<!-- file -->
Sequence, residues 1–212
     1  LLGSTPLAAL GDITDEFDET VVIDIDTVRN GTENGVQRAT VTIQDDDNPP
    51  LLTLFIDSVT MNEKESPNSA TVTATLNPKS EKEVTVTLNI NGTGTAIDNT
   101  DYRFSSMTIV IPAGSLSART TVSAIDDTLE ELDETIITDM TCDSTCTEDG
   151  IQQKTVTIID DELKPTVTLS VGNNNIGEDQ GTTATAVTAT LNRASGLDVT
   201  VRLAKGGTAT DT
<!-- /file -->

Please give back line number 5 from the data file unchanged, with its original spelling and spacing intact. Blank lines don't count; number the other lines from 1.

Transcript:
   151  IQQKTVTIID DELKPTVTLS VGNNNIGEDQ GTTATAVTAT LNRASGLDVT